Gen Zers believe that consumer experiences ought to be digital ahead of everything else, content should be heavily reliant on artificial intelligence (AI), and extremely personalized. Tom Manelli, General Vice-President of consumer research and devices at IDC, said these youth will change everything about how consumers and businesses interact by their reliance on AI and other new technologies. (paraphrase)

In the workplace Gen Z demands empathy, respect, and appreciation. Past generations got by and promoted by simply doing their jobs as productively as possible. Emphasis was placed on tangible outcomes and promotions doled out accordingly. Gen Z prefer to work from home or a flexible hybrid type schedule vs. in the office exclusively. They do not attach their job titles to their persona as prior generations have. The other generations entire personas were shaped by what they did as a job and what their title at the job was. Businesses need to be able to adapt to the changes in generational perceptions or work and homelife balance in order to reap the rewards from those select consumers. Customer surveys can help shape direction in this regard.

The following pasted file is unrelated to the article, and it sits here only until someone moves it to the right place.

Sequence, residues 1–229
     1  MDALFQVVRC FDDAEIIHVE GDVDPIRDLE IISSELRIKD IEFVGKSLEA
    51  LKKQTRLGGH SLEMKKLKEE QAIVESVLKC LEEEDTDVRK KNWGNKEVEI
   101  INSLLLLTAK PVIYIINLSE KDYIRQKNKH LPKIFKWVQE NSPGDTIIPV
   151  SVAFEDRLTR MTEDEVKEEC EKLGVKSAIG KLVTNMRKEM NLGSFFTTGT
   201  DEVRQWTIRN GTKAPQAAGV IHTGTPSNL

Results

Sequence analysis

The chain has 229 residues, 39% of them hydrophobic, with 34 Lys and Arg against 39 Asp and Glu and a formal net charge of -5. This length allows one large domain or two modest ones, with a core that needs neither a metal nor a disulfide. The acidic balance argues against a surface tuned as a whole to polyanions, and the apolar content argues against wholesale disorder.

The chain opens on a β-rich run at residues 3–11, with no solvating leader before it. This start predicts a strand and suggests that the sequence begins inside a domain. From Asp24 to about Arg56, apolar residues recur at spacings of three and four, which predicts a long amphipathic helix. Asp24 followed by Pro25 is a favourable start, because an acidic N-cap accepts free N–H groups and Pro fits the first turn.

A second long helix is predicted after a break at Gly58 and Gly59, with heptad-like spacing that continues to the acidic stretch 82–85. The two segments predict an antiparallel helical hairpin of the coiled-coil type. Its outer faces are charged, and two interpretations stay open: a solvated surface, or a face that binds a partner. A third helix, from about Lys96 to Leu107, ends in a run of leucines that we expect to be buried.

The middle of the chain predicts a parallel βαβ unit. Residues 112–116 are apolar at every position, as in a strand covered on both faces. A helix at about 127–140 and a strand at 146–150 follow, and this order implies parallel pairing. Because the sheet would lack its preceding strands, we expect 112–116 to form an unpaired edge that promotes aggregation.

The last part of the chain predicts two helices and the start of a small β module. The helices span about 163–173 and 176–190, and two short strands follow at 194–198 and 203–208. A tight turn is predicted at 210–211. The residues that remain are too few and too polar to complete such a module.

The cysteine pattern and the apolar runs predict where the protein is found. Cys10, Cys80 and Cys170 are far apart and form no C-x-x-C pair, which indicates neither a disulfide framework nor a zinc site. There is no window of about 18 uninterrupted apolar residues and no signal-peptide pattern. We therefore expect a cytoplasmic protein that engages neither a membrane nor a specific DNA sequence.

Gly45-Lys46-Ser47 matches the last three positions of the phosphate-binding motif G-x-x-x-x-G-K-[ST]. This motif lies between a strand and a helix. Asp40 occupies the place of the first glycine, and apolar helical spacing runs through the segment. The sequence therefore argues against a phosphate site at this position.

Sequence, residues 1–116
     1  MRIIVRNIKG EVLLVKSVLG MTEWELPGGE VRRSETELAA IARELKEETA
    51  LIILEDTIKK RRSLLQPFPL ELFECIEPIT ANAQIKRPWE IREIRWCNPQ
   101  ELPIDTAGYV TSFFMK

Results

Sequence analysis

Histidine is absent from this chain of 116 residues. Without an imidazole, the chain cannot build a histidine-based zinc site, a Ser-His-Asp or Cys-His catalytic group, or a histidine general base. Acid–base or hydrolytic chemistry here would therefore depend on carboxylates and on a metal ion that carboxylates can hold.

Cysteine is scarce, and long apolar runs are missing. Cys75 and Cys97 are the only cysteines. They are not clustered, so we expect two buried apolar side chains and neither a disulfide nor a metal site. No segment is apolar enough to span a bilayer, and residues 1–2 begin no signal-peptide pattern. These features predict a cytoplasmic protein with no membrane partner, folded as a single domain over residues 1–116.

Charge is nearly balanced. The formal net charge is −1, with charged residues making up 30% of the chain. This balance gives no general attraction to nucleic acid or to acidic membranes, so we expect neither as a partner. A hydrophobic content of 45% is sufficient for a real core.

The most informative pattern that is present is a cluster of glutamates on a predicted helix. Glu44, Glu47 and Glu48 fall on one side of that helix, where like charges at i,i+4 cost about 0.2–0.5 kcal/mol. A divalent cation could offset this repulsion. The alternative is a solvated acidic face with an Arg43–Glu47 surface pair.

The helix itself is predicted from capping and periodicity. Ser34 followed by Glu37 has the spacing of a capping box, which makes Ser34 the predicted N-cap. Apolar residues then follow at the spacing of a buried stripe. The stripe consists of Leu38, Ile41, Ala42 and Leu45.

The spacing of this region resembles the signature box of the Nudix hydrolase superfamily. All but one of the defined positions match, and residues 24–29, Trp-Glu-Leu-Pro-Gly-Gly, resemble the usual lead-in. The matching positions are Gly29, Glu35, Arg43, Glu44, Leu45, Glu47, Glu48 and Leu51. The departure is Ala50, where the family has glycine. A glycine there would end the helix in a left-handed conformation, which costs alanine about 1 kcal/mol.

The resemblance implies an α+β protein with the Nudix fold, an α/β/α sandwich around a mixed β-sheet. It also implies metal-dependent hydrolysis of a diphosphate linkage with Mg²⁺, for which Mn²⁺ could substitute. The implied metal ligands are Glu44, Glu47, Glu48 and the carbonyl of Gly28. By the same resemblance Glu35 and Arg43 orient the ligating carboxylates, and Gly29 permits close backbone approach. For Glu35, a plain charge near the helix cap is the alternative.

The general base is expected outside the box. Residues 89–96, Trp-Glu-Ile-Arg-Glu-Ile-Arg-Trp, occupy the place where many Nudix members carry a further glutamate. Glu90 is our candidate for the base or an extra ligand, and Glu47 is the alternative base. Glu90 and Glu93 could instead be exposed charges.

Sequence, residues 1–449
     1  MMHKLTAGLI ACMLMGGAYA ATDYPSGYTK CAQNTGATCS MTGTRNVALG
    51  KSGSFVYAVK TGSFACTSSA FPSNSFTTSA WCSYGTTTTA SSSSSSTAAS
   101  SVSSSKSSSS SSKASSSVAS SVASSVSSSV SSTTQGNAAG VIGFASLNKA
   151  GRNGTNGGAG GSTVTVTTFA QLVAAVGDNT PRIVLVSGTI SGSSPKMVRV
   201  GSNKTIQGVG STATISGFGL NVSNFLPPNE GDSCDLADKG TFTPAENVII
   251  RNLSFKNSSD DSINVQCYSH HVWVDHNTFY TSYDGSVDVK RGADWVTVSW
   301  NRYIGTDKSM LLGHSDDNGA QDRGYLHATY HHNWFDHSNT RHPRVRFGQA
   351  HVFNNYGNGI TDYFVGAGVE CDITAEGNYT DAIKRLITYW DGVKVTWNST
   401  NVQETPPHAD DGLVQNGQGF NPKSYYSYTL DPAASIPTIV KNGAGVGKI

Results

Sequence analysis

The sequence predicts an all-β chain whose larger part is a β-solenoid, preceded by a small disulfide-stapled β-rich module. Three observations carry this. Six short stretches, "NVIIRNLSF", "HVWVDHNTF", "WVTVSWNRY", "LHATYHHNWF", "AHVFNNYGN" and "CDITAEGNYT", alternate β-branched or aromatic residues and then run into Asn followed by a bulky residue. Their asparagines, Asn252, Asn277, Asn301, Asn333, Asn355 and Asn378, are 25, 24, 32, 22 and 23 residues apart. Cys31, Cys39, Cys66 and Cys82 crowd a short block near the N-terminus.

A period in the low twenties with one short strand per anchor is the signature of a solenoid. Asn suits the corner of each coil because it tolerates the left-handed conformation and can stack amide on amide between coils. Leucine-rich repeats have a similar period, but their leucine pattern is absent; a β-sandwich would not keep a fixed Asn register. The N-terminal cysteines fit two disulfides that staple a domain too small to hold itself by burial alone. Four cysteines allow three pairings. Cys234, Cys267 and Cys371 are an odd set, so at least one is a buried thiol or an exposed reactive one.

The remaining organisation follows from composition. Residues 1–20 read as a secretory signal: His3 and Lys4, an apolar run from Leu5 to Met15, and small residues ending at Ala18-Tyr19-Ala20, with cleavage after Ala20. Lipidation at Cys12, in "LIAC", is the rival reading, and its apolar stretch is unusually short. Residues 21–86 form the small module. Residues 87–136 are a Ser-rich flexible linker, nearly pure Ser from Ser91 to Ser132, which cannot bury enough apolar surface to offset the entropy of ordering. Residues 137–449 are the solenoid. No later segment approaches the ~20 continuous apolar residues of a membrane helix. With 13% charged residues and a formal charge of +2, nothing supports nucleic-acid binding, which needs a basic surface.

Gen Z also feels that having a lot of work impacts their mental health and can create anxiety, burnout, and other health disorders. Therefore, they would like to be supported via engaging in regular conversations regarding their interests and skills. Being able to manage a huge workload and stay mentally and emotionally whole was a hallmark of the previous generations and the only way to garner appreciation and promotions. Marketing organizations may need to pander to these health-related work disorders by making them appear more commonplace than ever before to capture the Gen Z populace spending patterns in totality. 

They {Gen Zers}, more than any prior generation, share their opinions with their wallets and voices via social media. Therefore, marketeers need to ensure that these opinions and voices are heard and acted upon to prohibit Gen Zers feeling disengaged and disinterested.